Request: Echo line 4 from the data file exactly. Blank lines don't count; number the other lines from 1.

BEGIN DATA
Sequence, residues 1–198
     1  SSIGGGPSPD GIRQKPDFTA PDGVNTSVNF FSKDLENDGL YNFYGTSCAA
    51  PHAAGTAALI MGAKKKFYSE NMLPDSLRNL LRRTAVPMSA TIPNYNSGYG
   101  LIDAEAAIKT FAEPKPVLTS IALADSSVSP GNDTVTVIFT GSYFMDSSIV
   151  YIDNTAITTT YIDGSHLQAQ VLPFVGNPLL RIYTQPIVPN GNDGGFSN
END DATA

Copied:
   101  LIDAEAAIKT FAEPKPVLTS IALADSSVSP GNDTVTVIFT GSYFMDSSIV